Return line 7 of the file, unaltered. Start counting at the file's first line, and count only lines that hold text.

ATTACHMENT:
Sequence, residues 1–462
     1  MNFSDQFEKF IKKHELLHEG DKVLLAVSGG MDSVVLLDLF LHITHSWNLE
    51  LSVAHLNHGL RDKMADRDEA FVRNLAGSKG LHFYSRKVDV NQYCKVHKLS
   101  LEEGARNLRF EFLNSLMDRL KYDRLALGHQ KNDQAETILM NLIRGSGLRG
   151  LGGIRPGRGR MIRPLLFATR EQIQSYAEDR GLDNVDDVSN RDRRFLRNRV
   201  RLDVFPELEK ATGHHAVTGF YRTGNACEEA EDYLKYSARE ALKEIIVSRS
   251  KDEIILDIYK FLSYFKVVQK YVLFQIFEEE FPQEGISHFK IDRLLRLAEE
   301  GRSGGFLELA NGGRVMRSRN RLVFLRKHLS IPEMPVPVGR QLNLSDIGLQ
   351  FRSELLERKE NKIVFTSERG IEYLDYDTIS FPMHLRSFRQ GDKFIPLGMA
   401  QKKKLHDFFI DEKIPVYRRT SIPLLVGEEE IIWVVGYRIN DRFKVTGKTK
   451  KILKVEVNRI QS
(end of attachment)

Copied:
   251  KDEIILDIYK FLSYFKVVQK YVLFQIFEEE FPQEGISHFK IDRLLRLAEE